Research Foundation 40th anniversary webinar series recordings now available

The Fire Protection Research Foundation (FPRF), research affiliate of the National Fire Protection Association (NFPA®), conducted a two-day webinar series on August 24 and 25, 2022, celebrating its 40th anniversary this year. The webinar series covered research topic areas and themes that are aligned with research priorities of FPRF and the fire and life safety industry. This webinar series consisted of presentations by subject matter experts addressing the following themes: Day 1 program: Webinar recording Reduce Residential Fire Losses Fire Safety in the US since 1980 Cooking fires Impact of Medications on Older Adult Fall and Fire Risk Strategies for Community Resilience Wildland & Wildland Urban Interface Fires CAREDEX: Disaster Resilience in Aging Communities via a Secure Data Exchange Global Community Resilience Data Collection and Data Analytics to Inform Policy Global Fire data standardization Insurance Data – openIDL CRAIG 1300TM National Firefighter Cancer Registry Day 2 program: Webinar recording Hazards of New Materials and Systems Fire Safety Challenges of Green Buildings Energy Storage Systems Hazards of Modern Vehicles in Parking Structures Increase Effectiveness and Reliability of Safety Systems Impact of Research on NFPA 13 Impact of Research on NFPA 72 Effectiveness of fluorine free firefighting foams Fire Fighting Safety & Effectiveness Fire Service Contamination control & PPE Cleaning validation Firefighting foams: fire service roadmap Firefighter immersive learning training  If you missed attending this webinar series, the presentation recordings are now available to view on demand at www.nfpa.org/webinars. To learn more about the Research Foundation and our work over the last four decades, please visit: www.nfpa.org/fprf40.

First draft of NFPA 1970 proposes changes to firefighter PPE standard and will be open for review and Public Comment through January 4, 2023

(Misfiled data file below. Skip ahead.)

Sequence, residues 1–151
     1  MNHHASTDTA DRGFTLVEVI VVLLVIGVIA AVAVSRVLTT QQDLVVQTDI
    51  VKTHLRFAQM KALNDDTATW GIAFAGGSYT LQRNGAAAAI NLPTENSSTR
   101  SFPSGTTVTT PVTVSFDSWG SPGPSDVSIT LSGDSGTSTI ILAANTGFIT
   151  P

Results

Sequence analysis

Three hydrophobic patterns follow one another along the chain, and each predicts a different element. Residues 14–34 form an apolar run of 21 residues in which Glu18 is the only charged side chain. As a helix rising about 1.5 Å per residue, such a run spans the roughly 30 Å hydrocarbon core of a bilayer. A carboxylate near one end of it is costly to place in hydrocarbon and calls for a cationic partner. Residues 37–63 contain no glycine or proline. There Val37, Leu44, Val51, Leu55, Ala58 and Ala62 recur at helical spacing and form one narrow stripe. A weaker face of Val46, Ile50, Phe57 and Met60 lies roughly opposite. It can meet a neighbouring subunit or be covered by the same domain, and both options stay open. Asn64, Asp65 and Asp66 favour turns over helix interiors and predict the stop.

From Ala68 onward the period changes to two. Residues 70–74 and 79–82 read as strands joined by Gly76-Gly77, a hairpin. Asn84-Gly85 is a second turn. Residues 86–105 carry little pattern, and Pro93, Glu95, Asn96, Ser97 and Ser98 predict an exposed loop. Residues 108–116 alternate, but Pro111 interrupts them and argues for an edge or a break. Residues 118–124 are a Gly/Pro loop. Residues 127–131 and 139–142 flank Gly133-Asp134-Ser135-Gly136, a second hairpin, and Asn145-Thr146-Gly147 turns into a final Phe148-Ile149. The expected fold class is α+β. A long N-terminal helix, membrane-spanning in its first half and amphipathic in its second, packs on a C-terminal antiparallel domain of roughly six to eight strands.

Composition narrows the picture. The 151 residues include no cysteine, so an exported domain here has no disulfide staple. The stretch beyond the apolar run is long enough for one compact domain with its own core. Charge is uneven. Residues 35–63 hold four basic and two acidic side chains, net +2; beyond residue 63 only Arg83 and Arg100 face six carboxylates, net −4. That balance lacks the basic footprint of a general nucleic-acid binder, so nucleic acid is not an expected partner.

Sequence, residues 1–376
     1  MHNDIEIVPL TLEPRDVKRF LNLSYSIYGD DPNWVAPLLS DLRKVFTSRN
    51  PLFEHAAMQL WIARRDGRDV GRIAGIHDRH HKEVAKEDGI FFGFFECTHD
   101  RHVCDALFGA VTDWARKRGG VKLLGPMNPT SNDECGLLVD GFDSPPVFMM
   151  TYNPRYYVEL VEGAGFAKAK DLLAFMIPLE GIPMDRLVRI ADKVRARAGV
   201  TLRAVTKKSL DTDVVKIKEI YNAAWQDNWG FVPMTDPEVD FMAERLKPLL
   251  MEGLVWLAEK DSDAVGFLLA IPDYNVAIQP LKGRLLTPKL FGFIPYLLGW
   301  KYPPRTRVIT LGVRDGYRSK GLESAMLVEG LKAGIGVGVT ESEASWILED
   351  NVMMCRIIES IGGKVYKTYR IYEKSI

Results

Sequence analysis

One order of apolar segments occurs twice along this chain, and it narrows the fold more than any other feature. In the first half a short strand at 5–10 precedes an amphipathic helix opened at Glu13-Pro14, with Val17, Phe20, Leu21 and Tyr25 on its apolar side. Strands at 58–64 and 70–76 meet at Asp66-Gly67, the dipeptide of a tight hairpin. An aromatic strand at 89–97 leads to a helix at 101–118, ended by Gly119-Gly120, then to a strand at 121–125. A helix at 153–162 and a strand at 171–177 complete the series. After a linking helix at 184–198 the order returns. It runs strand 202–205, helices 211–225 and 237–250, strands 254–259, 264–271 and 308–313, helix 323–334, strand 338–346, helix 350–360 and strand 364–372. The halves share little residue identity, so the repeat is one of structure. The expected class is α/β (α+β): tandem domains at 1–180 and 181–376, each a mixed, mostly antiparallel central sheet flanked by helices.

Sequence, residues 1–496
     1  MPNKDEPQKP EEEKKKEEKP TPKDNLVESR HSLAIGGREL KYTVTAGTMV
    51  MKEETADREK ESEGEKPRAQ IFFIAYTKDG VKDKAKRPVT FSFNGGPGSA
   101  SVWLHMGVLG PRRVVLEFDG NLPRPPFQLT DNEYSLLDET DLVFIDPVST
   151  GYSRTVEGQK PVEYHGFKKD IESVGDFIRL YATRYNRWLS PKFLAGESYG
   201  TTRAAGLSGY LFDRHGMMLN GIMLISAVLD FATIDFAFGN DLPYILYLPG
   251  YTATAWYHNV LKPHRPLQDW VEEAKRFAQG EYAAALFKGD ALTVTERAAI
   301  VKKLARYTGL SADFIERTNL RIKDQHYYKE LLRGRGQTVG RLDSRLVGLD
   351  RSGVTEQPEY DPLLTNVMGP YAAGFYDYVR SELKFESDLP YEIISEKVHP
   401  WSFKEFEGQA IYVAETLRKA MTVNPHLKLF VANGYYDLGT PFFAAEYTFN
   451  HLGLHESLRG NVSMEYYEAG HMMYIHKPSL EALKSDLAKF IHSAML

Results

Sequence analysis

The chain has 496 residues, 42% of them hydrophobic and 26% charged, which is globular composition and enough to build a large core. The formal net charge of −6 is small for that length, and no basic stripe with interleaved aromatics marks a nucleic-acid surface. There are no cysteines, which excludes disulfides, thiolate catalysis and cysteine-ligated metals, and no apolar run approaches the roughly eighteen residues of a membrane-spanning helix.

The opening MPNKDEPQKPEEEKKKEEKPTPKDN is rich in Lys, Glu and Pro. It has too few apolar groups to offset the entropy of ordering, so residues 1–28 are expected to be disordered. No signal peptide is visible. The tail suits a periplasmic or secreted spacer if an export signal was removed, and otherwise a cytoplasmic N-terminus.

In my continuing effort to keep interested parties apprised of the latest standards activity related to firefighting gear and conversations about the presence of PFOAs, the first draft of the upcoming edition of NFPA 1970, Standard on Protective Ensembles for Structural and Proximity Firefighting, Work Apparel and Open-Circuit Self-Contained Breathing Apparatus (SCBA) for Emergency Services, and Personal Alert Safety Systems (PASS) has been posted online and is now available for review and Public Comment through January 4, 2023. One of the proposed changes within the draft includes the elimination of the light degradation resistance test on the moisture barrier layer of jackets. It will be replaced by a multi-environmental conditioning procedure (9.1.22) that will be applied to composite test samples before certain tests. Some of the additional changes in the NFPA 1971 portion (protective ensembles) of NFPA 1970 include: Added new requirements for manufacturer indication of “PFAS FREE” gear. (6.1.7.6 & 6.4.13) Added new requirements for acceptable levels of specific restricted substances and added a test method to determine the presence and quantity of specific restricted substances. (7.1.14, 7.4.9, 7.7.6, 7.10.10, 7.13.7, 8.20, & 9.83) The Correlating Committee recommended to consider adding similar requirements for SCBA in Chapter 17 of NFPA 1970 (NFPA 1981 portion). Added requirements to test for ease of cleaning. (8.1.29, 8.4.17, 8.7.26, 8.10.19, 8.13.12, & 9.81) Added requirements to test for effectiveness of cleaning. (8.2.7 & 9.82) Added requirements to test for liquid repellency and penetration resistance of persistent contaminants. (8.2.8 & 9.84) Added requirements to test for leaching of material substances. (8.2.9 & 9.85) It’s important to note that these proposed changes and additions reflect the recommendations of the Technical and Correlating Committee on Hazardous Substances in the NFPA 1970 First Draft Report. As I outlined in a previous blog, NFPA does not create or dictate the provisions within our codes and standards. NFPA is the neutral facilitator of the standards development process; each standard is developed by balanced voluntary technical committees. It is an open and transparent process in which anyone (except NFPA staff) can review and provide input and comment. I strongly encourage everyone who has opinions, perspectives, and insights on these proposed changes to make sure their voices are heard by the committee. Comments will be accepted through January 4, 2023. Anyone who believes the first draft of the standard should be changed to address these and other topics is strongly encouraged to submit proposed changes (public comment) to the next edition of the standard. You do not have to be an NFPA member or on an NFPA Technical Committee to provide comment and propose additional changes.  Anyone (except NFPA staff) can propose a change to the standard by suggesting specific wording and providing a technical rationale through our online submission system, which is accessible at nfpa.org/1970next.  The deadline for Public Comment is January 4, 2023. In the following months, the Technical and Correlating Committees will consider all of the proposed changes received by the deadline and will develop a Second Draft of NFPA 1970.  NFPA anticipates that the Second Draft Reports will be posted for public review in the Fall of 2023. Throughout the process, the latest information on this standard can be found at nfpa.org/1970next.